Further to that, I recently invited an alumnus to speak to my students in Singapore about employability – what they could do now, as well as what they needed to do for the future. One of the things she mentioned was reading – that she considered it vital not only for keeping up with the here and now, but also in order to anticipate future opportunities and trends. Interestingly, one’s reading habits can be used  as a barometer when interviewing potential employees.

She also said that when we meet, I usually would ask what she is reading. That made me realise that I usually ask people that question – perhaps subconsciously to understand them (or even judge them) – also to find out if there were interesting books out there worth reading.

Also, it was pointed out to me – and I had not realised – that I referred to a lot of books (both fiction and non-fiction) in the classroom. These are not just books that are academically immediately relevant to the content in a class, but also books that help challenge the students or tell a great story that helps with what happening in the classroom.

One of the things that I get asked for often from students is a reading list – not just coursework reading list, but rather a list of books that they might find interesting. So I made a couple of lists which you can access under the ‘Bibliophilia’ tab on this website.

So I decided given all that, I will try to read a book week this year. These books are, to my mind, books that are not immediately related to my teaching or research. They are my indulgences, my guilty pleasures, or simply a chance to read something outside of my normal habits.

To that end, I will document the books I have read here, on my website, as well as on Goodreads. This will give me a chance to keep track of what I’ve been reading and be able to rate it. I will also try to document my thoughts on the books, but this might slip away from me so let’s see how that tracks. Another good friend suggested that I instagram/tweet the covers of the books as I finish them.  I like that idea.

Thus begins #52books52weeks.

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Still Angry Podcast: Ep 9 EU Elections and the rise of the far right

In this podcast Terry and Hammy take a look at the recent EU elections which have seen considerable rise in the popularity of far right, ultra-nationalist and anti-EU parties as well as a boost to far-left parties.

What does the popularity of UKIP and Golden Dawn mean for the future of the EU and the free mobility of it’s citizens? Why are we seeing these changes and what does the future hold for the EU.


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Still Angry Podcast: Ep 8 Still Angry’s Budget Reply

In this episode, Terry and Hammy announce the recent budget of the Australian Federal Government. They look at the way debates around the budget have unfolded and how it has lead to a recasting of democracy and further reactions by established powers to stifle dissent.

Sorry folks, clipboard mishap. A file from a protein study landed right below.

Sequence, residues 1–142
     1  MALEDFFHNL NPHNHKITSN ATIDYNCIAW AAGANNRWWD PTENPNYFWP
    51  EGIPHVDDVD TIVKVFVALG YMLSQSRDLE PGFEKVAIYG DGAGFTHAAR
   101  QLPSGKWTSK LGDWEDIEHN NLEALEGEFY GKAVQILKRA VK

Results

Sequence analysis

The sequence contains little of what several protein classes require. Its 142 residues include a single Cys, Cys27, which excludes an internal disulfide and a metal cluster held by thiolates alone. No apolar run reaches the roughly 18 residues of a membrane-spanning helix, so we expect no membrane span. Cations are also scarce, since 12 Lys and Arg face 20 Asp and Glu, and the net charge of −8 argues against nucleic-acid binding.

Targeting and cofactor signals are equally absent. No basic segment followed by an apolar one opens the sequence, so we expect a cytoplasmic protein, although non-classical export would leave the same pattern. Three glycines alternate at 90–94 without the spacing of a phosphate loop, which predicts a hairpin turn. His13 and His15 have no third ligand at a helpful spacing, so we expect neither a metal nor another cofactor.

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Still Angry Podcast: Ep 7 Journalism with Antonio Castillo

In this episode, Terry talks to Antonio Castillo – picking up their conversation from Episode 4. In this podcast, they talk about the role of journalism in contemporary society where the traditional forms of journalism and the notion of journalism as the fourth estate is increasingly being challenged. Antonio talks about the history of ojectivity in journalism and the problem with its attempted univeral application. They then have an interesting dicussion on journalism and its claims to truth – focusing on the nuances of objectivity and accuracy.


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Still Angry Podcast: Ep 6 Speeching About Race

In this podcast Terry Johal and Hammy Goonan talk about limits to speech, the role of the state in enforcing that and the recent proposed changes to the Racial Description Act in Australia. (more here)

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Lecture: Mark Marking, Storytelling and Ideology

This lecture summaries what I have been doing with the students over the last four weeks, where we have been talking about communication design, and storytelling.

In this section, the object was to get the students to understand how meaning works, and moves as the affordances of the format they are working in changes.  Key to that were the learning activities they had to do in class. Over the four weeks, they focused on telling stories visually moving from a two-colour minimalist execution, to photographs, to five-frame comic style execution. They moved on to learn how to make execution that differed in format but had to tell the same story. Key in this section was the notion of authorship and the audience. We then introduced both descriptive writing – text that could stand outside the images and still make sense – and integrated writing – text that works with the image to tell the story.